By Christopher Baker, president and CEO, Shirlington Limousine and Transportation Inc. - 10/10/07 07:05 PM EDT
Unfortunately, my contract with DHS is the victim of the now-refuted misperception that former Rep. Randy “Duke” Cunningham (R-Calif.) played a role in my contract award, as well as the false allegation that I provided prostitutes to Mr. Cunningham and several lobbyists. The residual stigma of these fallacies is evident in your placement of Mr. Cunningham’s photographs on the cover page of your Sept. 27 issue and on the page where the article was featured. Despite high marks for my DHS contract performance, the ghost of these unfounded allegations haunts my business dealings and personal life.
Neither Mr. Cunningham nor Shirlington’s contract with DHS were mentioned in Mr. Thompson’s Aug. 17, 2007 letter to DHS Secretary Michael Chertoff. Instead, his letter stated that the Small Business Administration had written an extensive legal opinion as to why a recent DHS procurement violated federal laws related to Historically Underutilized Business Zones, otherwise known as HUBZones.
Mr. Thompson appropriately inquired about an unresolved legal dispute between two federal agencies. If the SBA is correct, DHS’s contract procurement process and substantial multi-million-dollar contract awards would be illegal. Mr. Thompson’s inquiry speaks to a larger concern, accountability in federal contract practices.
My concern is that the same congressional leadership that vigorously pursued public accountability during the Duke Cunningham scandal in its aftermath ensures consistent and equal, not selective, application of the law.
Logical breakdown of Biden’s Iraq plan
From Reidar Visser, research fellow, Norwegian Institute of International Affairs
Despite attempts by Sen. Joe Biden (D-Del.) to explain his plan for Iraq in greater detail (“Biden rebuts criticism of Iraq decentralization plan,” Oct. 2), some obvious flaws in his scheme remain. The main problem is purely logical: If Biden is to be given credit for a distinctive “Iraq plan,” then this plan must either make the Iraqis do something they will not do of their own free will, or it must enable them to do something that they want to do but which the Bush administration is currently preventing them from doing. Biden denies that it is the former, so his challenge is to prove that the Bush administration is suppressing a genuine Iraqi desire to do something about federalism that corresponds to Biden’s ideas.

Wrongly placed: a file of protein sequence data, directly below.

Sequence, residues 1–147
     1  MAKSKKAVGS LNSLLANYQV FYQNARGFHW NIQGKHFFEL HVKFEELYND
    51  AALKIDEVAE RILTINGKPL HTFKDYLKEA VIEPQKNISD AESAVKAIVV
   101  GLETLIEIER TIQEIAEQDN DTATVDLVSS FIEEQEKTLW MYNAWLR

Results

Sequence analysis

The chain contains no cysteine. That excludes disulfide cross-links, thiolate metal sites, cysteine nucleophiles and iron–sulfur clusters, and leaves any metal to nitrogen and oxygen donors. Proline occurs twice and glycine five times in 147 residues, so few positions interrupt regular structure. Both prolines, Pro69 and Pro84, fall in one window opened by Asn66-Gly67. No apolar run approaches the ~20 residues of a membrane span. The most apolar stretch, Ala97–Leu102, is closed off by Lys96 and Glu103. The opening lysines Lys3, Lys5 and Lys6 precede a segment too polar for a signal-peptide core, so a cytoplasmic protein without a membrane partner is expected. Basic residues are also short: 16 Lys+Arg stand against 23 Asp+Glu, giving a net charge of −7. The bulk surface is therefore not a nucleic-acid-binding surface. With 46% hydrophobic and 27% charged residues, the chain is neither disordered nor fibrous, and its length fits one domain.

The problem with that is that if one asks Iraqis, they will refer to the full-fledged Iraqi legal framework for federalization that already exists and which requires no outside intervention whatsoever. The procedures for implementing federalism in Iraq, consisting of the Iraqi constitution and the detailed legislation adopted in October 2006, unequivocally assert that (1) no federalization can start before April 1, 2008; (2) any new federal regions should come as the result of popular grassroots initiatives in the existing governorates; and (3) there is no imperative for every governorate in Iraq to opt for a federal status (theoretically, the number of new federal regions may be anywhere from zero to 15).
Biden’s plan either violates all three of these aspects of the Iraqi legal framework or it has no meaning it all.